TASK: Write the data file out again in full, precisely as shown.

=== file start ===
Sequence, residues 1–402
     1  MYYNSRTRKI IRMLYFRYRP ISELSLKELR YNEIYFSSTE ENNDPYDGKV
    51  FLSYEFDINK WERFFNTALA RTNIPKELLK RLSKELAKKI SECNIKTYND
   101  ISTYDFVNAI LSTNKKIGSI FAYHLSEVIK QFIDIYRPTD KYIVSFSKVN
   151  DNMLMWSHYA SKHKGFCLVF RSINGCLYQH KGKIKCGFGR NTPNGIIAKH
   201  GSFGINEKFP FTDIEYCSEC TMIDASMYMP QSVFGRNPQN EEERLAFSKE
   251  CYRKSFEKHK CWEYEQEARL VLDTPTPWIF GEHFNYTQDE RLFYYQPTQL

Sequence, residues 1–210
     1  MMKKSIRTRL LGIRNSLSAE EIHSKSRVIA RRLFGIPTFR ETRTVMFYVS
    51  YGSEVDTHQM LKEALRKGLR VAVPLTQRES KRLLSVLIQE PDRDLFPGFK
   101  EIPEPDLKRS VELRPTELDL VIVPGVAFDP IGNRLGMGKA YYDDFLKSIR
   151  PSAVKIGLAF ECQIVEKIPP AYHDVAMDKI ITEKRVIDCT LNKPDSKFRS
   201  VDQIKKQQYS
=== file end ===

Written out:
Sequence, residues 1–402
     1  MYYNSRTRKI IRMLYFRYRP ISELSLKELR YNEIYFSSTE ENNDPYDGKV
    51  FLSYEFDINK WERFFNTALA RTNIPKELLK RLSKELAKKI SECNIKTYND
   101  ISTYDFVNAI LSTNKKIGSI FAYHLSEVIK QFIDIYRPTD KYIVSFSKVN
   151  DNMLMWSHYA SKHKGFCLVF RSINGCLYQH KGKIKCGFGR NTPNGIIAKH
   201  GSFGINEKFP FTDIEYCSEC TMIDASMYMP QSVFGRNPQN EEERLAFSKE
   251  CYRKSFEKHK CWEYEQEARL VLDTPTPWIF GEHFNYTQDE RLFYYQPTQL

Sequence, residues 1–210
     1  MMKKSIRTRL LGIRNSLSAE EIHSKSRVIA RRLFGIPTFR ETRTVMFYVS
    51  YGSEVDTHQM LKEALRKGLR VAVPLTQRES KRLLSVLIQE PDRDLFPGFK
   101  EIPEPDLKRS VELRPTELDL VIVPGVAFDP IGNRLGMGKA YYDDFLKSIR
   151  PSAVKIGLAF ECQIVEKIPP AYHDVAMDKI ITEKRVIDCT LNKPDSKFRS
   201  VDQIKKQQYS